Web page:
Some years ago, during the Napster era, I heard of a Russian web site—AllOfMP3—that had millions of music tracks available for download. It had tracks available that no other music site had: the complete Beatles discography, for example, which the surviving band members had steadfastly refused to allow on legal download sites, such as iTunes.
At the time, I had a subscription to eMusic, which allowed unlimited downloads for a monthly fee, which, if I recall correctly, was $7.99 a month. Once you downloaded those tracks, they were yours to keep. And eMusic tracks had no embedded digital right management (DRM) software—like iTunes did—to prevent you from sharing the songs.
The problem with eMusic was it had almost no mainstream music. No Beatles, Rolling Stones, or Led Zeppelin. No Michael Jackson, Billy Joel, or Aretha. No Bob Dylan, U2, or Santana. You get the picture. And the quality of the tracks, which were MP3, was just ok—ripped at 128 Mbps.
AllOfMP3, however, offered a much wider selection of MP3 tracks, ripped at an impressive 384 Mbps. And the site claimed that it was completely legal, because Russian copyright laws allowed it.
Even though I had a bit of an uneasy feeling about it, I joined AllOfMP3 for a few months and downloaded a bunch of great tracks, all of which I still have in my library today. Eventually, with enough pressure from the RIAA, the Russian government closed down the site.
Disrupting the music industry
That era was really a time of disruption and change in the music industry. Illegal downloading from Napster, and other peer to peer sites, continued unabated.
The RIAA sued a handful of people accused of illegal music sharing, but the genie was out of the bottle.
There was an enormous appetite for music, and the machinations of the recording industry and its shills at the RIAA probably did more to encourage illegal downloading and sharing than they would care to admit.
Apple came along with a technological solution in iTunes that helped to stem the tide. A great many consumers showed they were willing to pay for songs if they were reasonably priced and the selection was good.
The iTunes solution
At the insistence of the recording industry, the tracks from iTunes were ladened with DRM, which made the songs somewhat difficult to share, but the solution nonetheless worked, and consumers bought it.
Along with boatloads of iPods, which, despite Apple’s purported love of music, was the company’s first priority.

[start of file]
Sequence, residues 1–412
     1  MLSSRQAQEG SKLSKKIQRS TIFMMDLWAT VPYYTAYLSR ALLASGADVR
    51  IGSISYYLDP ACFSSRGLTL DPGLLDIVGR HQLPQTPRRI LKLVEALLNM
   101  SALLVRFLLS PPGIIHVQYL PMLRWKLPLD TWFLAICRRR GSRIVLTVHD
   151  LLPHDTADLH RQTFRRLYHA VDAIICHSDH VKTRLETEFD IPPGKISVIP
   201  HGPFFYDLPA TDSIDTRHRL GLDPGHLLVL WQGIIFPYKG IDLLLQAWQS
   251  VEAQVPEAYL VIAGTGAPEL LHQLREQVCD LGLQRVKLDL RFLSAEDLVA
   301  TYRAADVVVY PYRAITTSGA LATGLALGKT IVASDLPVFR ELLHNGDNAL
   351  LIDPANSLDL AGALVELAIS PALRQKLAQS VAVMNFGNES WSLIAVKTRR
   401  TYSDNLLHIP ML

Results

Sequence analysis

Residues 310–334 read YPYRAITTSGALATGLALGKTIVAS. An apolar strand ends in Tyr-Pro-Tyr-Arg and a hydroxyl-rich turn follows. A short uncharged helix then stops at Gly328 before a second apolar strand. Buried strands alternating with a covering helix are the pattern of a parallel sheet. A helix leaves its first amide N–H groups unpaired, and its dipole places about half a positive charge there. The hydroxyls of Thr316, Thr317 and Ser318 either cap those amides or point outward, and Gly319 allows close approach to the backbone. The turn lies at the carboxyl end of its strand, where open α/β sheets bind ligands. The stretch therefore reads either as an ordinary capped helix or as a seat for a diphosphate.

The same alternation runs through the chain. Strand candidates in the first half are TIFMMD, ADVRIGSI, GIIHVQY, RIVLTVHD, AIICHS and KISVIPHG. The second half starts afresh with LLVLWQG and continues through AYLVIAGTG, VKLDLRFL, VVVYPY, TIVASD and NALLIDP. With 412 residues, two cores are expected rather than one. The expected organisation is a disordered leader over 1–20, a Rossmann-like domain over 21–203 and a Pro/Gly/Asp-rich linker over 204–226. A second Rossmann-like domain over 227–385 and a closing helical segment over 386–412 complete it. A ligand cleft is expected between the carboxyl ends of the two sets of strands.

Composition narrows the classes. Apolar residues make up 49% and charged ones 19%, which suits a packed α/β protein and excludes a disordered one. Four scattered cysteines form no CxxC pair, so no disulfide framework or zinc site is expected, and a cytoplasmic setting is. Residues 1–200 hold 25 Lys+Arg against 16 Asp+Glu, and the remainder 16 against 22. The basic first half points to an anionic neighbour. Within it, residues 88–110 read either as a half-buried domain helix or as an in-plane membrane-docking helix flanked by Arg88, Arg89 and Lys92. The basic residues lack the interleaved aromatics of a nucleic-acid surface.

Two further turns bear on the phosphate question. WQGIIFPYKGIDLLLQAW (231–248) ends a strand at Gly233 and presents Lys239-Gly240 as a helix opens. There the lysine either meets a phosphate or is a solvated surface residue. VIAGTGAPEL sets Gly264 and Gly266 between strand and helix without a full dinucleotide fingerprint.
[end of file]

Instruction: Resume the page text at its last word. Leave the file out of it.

Apple received a lot of credit for—and a lot of criticism of—iTunes. Depending on whom you listened to, Apple either saved or destroyed the music business. It undoubtedly radically changed the industry, although, in fairness, the industry was going to change with or without Apple.
Music industry evolution
While the sale of single tracks rose significantly, full album sales declined. CD sales dropped dramatically, and vinyl records became almost non-existent.
Since then, the music industry has continued to evolve.
Even Apple has joined in with Apple Music, which may end up being the 800-pound gorilla of music streaming.
We wrote about Apple Music some weeks ago in this space. The service offers a few tricks that the other streaming players don’t have, including music curation by real humans. Reportedly, Apple Music employs over 300 music editors whose job is to help hone the For You section designed to provide listeners with new music they’re more likely to enjoy.
Fearing for music
We wrote, and still believe, that Apple Music is all about music discovery. Apple, we think, would be happy—and consider Apple Music a success—if the service revives the whole experience of music discovery and listening.
At the same time, though, we fear for the music industry. The intrinsic value of music has declined. Making a living as a musician is harder and requires an almost relentless schedule of touring and live performances.
And, we fear, some company in Russia, or China, or elsewhere is vacuuming up all the music streams and stealing the digital tracks with some nefarious business plan in mind.
Which will only serve to further erode the value of music. Having grown up in the 1960s and 1970s, when some truly great music was being made, this makes me sad.
I continue to enjoy Apple Music and discover new songs and new artists almost every day. I think I’ll continue my subscription after the three-month trial is over. At a monthly price ($9.99) that is about the cost of one CD, it’s worth it to me both for my own enjoyment and—perhaps against logic—to support the value of music.